Crashing the Ether (2006) ***
In which the most strikingly consistent man in showbiz comes perilously close to making a bad record. The problem isn't so much the songwriting - when he's on, he's on, as "Quit That Scene," ranks among his finest ever, and the Based on Happy Times-ish "Driving Down the Road in My Mind," sits well next to any random melancholy Keene ballad of wistful listlessness. The sprightly "Warren in the '60s," and the lovely "Wishing," (which unfortunately emphasizes his annoying habit of lazily tossing off obvious rhymes) are up to his usual standards as well. But the album's misfirings are apparent from the first track, "Black and White New York," which lives up to the crashing part of the album's title, in more senses than one: it's a thuddy metallic drag that sorely lacks Keene's usual melodic touch, substituting loud rock dynamics for pop tunecraft. Things right themselves swiftly with "Warren in the '60s," and the first half of the album is mostly excellent, containing all the highlights I've previously mentioned. But the second half is much, much weaker, with the final three or four songs a complete mess - a string of unpleasantly noisy rockers that makes one wonder if Keene had misplaced his talent by fancying his strengths were that of a guitar hero rather than tunesmith. "Texas Tower 4," drags on its hard rock bombast for over six excruciating minutes, closing the album on a harshly bum note. Maybe all those Mission of Burma records rubbed off on Tommy the wrong way, or he's trying to keep current with grunge fashion ten years too late, and while experimentation and fucking with the formula are important directions for any artist to pursue, as a hard rocker Keene's always made a much more compelling Alex Chilton than a Ted Nugent.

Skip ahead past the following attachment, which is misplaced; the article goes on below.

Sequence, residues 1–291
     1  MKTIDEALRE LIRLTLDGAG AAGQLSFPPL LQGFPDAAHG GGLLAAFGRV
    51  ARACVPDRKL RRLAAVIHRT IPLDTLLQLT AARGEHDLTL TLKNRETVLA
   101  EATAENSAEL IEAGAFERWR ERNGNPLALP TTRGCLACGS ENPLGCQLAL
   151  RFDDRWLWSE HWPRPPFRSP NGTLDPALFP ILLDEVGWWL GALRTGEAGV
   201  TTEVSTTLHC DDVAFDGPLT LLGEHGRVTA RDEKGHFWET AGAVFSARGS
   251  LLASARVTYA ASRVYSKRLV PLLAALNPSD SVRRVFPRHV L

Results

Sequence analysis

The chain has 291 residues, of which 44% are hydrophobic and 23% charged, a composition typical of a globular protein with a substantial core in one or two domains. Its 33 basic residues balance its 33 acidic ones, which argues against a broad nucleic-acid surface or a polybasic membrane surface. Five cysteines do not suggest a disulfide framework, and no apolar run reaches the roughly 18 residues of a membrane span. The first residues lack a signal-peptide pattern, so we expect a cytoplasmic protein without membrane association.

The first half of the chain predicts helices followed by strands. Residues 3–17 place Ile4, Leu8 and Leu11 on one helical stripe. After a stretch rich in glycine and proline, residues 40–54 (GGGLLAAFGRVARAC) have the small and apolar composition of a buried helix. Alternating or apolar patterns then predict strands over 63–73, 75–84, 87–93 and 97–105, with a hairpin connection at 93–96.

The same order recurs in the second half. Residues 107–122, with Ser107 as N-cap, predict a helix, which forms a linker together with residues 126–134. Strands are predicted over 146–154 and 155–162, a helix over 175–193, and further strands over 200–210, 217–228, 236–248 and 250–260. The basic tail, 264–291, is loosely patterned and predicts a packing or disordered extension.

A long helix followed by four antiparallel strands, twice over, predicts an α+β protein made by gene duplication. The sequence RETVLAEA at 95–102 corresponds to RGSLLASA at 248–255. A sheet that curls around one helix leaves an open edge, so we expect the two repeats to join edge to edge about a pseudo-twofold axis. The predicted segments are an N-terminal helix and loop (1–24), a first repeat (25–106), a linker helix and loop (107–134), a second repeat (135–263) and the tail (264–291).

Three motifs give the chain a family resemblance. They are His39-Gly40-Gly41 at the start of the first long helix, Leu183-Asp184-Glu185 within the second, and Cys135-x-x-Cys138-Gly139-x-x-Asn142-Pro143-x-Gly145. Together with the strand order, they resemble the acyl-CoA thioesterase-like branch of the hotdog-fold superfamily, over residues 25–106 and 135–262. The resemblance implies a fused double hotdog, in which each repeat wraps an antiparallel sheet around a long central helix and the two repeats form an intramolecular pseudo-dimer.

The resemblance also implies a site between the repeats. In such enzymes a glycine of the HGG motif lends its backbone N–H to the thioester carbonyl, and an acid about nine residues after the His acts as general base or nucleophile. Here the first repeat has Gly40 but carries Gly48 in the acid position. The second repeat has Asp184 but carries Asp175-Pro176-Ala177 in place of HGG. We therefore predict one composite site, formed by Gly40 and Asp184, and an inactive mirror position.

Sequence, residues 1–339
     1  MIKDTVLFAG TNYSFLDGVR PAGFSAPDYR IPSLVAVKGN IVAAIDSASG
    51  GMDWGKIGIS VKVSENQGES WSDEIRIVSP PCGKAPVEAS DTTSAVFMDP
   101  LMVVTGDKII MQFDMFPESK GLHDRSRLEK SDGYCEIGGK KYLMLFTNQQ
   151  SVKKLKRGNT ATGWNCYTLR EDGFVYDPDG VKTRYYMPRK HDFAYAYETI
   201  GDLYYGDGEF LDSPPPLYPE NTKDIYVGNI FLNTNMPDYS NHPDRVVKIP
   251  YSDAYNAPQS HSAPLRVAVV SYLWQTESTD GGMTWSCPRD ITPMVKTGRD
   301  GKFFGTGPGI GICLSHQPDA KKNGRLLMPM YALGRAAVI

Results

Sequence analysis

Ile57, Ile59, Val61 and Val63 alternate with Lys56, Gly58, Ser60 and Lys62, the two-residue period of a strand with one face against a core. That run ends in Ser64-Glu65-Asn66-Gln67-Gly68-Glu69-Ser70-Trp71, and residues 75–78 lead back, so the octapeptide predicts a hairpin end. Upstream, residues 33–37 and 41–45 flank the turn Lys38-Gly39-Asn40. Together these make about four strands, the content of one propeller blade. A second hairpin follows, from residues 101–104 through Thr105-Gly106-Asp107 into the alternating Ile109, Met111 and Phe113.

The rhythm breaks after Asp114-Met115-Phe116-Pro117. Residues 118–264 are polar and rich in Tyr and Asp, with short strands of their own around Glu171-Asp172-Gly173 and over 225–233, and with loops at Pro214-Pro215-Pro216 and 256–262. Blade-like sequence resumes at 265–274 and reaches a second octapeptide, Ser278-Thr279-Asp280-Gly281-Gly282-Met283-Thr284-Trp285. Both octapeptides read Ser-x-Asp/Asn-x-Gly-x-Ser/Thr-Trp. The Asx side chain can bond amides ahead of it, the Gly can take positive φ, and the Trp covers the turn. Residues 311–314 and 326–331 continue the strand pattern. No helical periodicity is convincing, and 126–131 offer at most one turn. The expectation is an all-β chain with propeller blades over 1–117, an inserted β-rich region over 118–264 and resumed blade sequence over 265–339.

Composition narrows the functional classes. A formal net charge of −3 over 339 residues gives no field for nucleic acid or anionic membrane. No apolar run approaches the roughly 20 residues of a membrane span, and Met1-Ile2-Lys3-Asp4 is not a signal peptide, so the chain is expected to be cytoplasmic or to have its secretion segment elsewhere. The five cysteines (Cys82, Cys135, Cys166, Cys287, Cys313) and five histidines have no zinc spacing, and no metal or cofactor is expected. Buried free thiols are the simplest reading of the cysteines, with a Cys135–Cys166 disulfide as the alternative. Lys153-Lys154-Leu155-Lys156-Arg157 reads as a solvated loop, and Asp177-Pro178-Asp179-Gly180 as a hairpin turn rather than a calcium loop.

Youtubes? No puedo encontrar los videos. Tommy Keene videos are extremely hard to find, period, much less any for songs from one of his least popular albums.